Dusk Somewhere

What is computation? Most would say it has something to do with the internet, with adding up numbers, with AI image manipulation. They might think it was something invented by the military to crack codes, or by tech companies to commodify our data.

In fact, computing got its start in the textile industry.

In this post, I hope to give you some understanding of the way that computation refers to an abstract structure that can be instantiated in a very wide variety of physical media (looms, silicon chips, water wheels, brains, social relationships, etc.). It refers to the behavior of physical processes evolving according to a specified rule over time.

In 1803, weaver Joseph-Marie Jacquard created a device – called the Jacquard loom – capable of producing very fancy fabrics of essentially any desired weave-pattern. The loom can control every warp thread independently and the weaver “programs” the motion of the warp threads using punch cards.

This made it possible to weave intricate designs into the fabric itself. It was just a matter of punching the correct patterns into the input cards.

Jacquard looms were not fully general computers (whatever that might mean) but they demonstrated one of the fundamental ideas underlying computing: that a fixed mechanical apparatus could exhibit a very wide range of behaviors through the variation of an easy-to-modify “input component” (i.e., the punch-cards).

The analytical engine

This idea got picked up by Charles Babbage, who designed a device (never built) which we can now recognize as a general-purpose computer: the analytical engine. The device performed calculations on numbers. It was mechanical and controlled by punch-cards, directly inspired by the Jacquard loom.

Ada Lovelace, the only legitimate child of Lord Byron and a friend and collaborator of Babbage, wrote the first published computer algorithm: a procedure for the analytical engine which could calculate a useful series of numbers called the Bernoulli numbers.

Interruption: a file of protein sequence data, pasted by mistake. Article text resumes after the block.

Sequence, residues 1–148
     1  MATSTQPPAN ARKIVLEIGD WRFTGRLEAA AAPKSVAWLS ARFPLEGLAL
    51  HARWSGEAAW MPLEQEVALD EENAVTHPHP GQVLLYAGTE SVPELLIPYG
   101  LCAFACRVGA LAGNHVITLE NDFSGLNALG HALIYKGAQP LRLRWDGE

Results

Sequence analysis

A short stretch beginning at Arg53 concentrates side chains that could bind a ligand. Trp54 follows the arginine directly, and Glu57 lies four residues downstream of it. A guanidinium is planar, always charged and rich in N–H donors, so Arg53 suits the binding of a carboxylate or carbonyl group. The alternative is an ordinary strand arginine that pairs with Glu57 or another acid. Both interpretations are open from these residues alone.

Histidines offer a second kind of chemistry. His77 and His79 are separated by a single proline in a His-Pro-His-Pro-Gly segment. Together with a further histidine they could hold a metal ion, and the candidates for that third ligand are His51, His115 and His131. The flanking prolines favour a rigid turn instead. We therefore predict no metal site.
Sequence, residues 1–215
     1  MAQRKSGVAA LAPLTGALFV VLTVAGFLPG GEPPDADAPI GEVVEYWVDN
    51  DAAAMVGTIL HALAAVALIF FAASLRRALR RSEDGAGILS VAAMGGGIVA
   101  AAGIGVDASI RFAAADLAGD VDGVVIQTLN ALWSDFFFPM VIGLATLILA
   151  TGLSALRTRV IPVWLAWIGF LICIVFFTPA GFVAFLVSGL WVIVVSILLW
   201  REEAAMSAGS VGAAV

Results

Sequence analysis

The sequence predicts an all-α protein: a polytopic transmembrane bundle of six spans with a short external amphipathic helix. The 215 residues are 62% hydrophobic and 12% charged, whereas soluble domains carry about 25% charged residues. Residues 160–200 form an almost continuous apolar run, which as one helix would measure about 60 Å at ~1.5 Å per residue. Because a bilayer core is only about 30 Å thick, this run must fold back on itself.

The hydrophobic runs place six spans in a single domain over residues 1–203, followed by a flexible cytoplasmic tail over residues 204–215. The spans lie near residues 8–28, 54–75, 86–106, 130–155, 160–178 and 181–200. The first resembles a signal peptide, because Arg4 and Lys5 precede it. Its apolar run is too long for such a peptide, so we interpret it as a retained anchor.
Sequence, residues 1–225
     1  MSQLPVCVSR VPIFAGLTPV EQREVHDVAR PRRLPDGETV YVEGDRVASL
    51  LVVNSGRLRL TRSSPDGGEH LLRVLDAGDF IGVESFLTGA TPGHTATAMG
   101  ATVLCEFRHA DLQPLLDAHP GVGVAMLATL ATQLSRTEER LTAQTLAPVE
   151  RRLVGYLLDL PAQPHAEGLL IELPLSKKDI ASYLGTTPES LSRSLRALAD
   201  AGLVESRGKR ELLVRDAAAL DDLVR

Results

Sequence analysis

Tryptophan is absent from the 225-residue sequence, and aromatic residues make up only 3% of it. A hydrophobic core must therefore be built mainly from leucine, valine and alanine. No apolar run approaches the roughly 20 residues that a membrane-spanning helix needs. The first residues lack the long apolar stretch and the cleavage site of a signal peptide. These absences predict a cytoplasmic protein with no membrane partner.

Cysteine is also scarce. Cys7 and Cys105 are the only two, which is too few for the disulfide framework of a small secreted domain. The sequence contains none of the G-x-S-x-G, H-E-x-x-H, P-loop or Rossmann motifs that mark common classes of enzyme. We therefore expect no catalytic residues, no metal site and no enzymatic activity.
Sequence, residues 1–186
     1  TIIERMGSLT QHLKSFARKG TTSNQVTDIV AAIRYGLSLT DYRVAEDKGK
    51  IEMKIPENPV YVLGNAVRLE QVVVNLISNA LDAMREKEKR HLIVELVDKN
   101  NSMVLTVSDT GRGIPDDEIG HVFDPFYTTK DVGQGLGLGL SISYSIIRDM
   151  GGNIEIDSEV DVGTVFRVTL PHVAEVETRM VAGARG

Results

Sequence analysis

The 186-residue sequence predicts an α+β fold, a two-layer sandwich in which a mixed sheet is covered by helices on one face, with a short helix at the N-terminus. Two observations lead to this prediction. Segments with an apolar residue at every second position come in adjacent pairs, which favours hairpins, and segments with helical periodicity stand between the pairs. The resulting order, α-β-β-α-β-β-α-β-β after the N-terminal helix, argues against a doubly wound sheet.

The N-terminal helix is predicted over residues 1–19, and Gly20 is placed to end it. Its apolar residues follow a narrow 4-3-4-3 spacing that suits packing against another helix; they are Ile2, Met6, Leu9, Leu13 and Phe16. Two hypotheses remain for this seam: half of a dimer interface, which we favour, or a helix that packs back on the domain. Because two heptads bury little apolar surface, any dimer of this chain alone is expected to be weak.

Lovelace also understood that the analytical engine had applications beyond the strictly numerical. She wrote that the analytical engine

might act upon other things besides number, were objects found whose mutual fundamental relations could be expressed by those of the abstract science of operations, and which should be also susceptible of adaptations to the action of the operating notation and mechanism of the engine…Supposing, for instance, that the fundamental relations of pitched sounds in the science of harmony and of musical composition were susceptible of such expression and adaptations, the engine might compose elaborate and scientific pieces of music of any degree of complexity or extent

She had an inkling that computation had to do with relationships and structure in general, not just numerical structure.

Mathematical algorithms

Let’s now change our focus to another thread in the history of computing: algorithms in mathematics.

The development of algorithms (or what were sometimes called “effective procedures”) has been a feature of human culture since at least the mathematical culture of the Babylonians in 2500 BC. Algorithms are mechanical procedures for solving mathematical problems – to be executed by humans, perhaps with the aid of recording devices.